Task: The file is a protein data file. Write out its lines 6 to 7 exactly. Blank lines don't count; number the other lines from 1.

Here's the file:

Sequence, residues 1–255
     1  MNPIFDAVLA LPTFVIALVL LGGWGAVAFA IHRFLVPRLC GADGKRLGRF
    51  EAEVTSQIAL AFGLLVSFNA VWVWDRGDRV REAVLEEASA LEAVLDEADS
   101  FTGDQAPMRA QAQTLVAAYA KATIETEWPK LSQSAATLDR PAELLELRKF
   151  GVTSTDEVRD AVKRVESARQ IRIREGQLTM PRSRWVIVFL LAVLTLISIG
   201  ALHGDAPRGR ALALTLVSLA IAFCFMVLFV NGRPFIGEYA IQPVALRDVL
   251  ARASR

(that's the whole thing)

   201  ALHGDAPRGR ALALTLVSLA IAFCFMVLFV NGRPFIGEYA IQPVALRDVL
   251  ARASR